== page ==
MORGANTOWN, W.Va. — It was something of an odd sight. There, a couple of yards behind the ball, West Virginia’s offense was huddling.
For those unfamiliar with the term, a huddle is when a team groups together to hear a play call.
OK — you knew that. But in this case, WVU employed what is known in some circles as a sugar huddle — a quick grouping just behind the line of scrimmage that allows a team to make a call and get to the line quickly for a snap without allowing the defense much time to react to the formation or personnel in the game.
That was just one of the tactics West Virginia used to combat the tough defense of TCU head coach Gary Patterson, whose 4-2-5 base alignment, along with its myriad combinations, causes offenses many problems of their own.
“Defensively they do a really good job. The thing with Gary (Patterson) is if you get something, he does a really good job of not letting you get it twice,” WVU head coach Neal Brown said. “He does a really good job of trying to take away your best plays.”
In order to keep Patterson from seeing its offense and reacting to it with a defensive adjustment before the snap, WVU used the sugar huddle. After making a play call, the Mountaineers moved swiftly to the offensive line and snapped the ball, sometimes forcing the Horned Frogs to play their initial alignment.
The cat and mouse game didn’t always result in a win for the Mountaineers, but it did keep the hyperactive Patterson off balance, as he was often on the field yelling instructions to his players right up to the snap.
“We were really just trying to hide some formations by getting into the huddle,” Brown explained.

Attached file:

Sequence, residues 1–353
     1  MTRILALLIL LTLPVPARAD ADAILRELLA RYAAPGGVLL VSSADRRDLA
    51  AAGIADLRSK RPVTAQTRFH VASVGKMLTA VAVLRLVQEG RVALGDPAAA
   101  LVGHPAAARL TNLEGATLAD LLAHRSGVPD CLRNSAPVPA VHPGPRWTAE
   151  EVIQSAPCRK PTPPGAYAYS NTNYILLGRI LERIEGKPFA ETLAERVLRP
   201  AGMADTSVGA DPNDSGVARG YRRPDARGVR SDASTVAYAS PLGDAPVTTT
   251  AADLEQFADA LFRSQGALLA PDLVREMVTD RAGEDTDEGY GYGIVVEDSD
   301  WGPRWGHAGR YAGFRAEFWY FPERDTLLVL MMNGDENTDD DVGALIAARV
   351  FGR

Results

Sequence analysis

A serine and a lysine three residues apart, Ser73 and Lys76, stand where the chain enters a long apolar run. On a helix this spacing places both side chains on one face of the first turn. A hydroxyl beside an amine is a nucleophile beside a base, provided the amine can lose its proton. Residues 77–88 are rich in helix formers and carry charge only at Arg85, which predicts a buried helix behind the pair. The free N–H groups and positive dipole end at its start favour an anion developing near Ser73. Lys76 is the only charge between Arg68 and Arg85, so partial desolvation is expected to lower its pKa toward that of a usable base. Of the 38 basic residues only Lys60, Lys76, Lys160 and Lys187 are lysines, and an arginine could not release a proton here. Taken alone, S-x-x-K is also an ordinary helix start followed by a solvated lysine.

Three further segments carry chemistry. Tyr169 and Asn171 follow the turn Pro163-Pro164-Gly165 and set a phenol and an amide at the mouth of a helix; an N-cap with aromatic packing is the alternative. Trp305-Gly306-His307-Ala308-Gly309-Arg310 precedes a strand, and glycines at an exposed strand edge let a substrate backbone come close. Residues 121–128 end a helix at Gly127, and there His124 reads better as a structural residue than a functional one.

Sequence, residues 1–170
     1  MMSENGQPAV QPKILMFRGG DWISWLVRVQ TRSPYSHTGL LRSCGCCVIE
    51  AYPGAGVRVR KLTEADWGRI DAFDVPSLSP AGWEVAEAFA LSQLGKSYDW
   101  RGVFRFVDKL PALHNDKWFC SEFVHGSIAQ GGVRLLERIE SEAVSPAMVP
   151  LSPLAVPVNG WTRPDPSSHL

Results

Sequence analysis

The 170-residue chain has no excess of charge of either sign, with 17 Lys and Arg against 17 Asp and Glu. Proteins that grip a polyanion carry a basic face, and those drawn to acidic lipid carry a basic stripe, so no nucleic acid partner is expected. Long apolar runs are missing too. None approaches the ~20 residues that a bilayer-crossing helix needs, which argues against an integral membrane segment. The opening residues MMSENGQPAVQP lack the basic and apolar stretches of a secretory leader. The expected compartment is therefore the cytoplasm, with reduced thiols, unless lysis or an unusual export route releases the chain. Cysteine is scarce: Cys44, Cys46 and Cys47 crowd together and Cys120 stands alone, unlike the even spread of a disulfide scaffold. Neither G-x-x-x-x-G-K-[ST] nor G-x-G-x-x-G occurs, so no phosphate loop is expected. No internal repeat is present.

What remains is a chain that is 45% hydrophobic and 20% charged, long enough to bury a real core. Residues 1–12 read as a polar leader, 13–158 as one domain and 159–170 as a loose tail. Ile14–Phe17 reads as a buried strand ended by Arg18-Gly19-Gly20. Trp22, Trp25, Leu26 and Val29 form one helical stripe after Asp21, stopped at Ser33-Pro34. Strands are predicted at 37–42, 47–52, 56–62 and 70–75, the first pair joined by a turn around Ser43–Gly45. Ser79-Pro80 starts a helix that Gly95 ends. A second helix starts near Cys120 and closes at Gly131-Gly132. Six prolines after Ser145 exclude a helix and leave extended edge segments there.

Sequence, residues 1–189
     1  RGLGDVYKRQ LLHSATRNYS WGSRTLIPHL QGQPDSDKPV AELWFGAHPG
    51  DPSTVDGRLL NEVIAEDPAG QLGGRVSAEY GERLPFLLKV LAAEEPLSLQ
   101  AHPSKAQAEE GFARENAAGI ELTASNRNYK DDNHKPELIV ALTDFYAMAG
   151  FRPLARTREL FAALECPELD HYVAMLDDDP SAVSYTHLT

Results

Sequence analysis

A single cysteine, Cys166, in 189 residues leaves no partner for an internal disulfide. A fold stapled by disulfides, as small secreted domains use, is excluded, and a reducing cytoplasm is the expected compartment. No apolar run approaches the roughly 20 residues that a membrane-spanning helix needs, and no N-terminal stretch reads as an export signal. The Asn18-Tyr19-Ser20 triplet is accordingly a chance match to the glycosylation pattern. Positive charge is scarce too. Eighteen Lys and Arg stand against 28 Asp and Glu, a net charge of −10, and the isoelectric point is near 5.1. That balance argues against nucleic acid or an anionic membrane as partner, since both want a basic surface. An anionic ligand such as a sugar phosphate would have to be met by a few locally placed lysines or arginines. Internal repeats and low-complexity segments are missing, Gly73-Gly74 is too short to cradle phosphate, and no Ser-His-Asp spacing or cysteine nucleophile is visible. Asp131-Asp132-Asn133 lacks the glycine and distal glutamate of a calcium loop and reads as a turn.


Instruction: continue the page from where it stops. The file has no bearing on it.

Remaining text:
When WVU wasn’t employing the sugar huddle, it also used extensive pre-snap motion to force adjustments from the Frog defense that it hoped would be predictable.
“They did a great job of moving their formations around, and to be honest with you, our kids did not handle that very well, and that’s my fault,” Patterson said. “We have to do a better job of doing that.”
Brown and his offensive staff had yet another trick up their sleeves. They put Jarret Doege under center on a few snaps, running quick sweep handoffs that gave a different look to WVU’s staple jet sweep actions.
“We just had to practice those handoffs and make sure they were smooth,” said receiver TJ Simmons, who had two carries for 16 yards to go along with his 90 yards receiving. “I played running back in little league so I am used to getting handoffs.”
Put them all together, and you get a WVU game plan that succeeded where few have against TCU. The Mountaineers kept the Horned Frogs off balance, and while there wasn’t a resultant avalanche of points, there were enough — and enough West Virginia ball control — to keep TCU at bay.
And at the root of the plan, there was that huddle.
“It’s old school,” summed up Brown, with a bit of deserved self-satisfaction in his answer. We might have to reintroduce that.”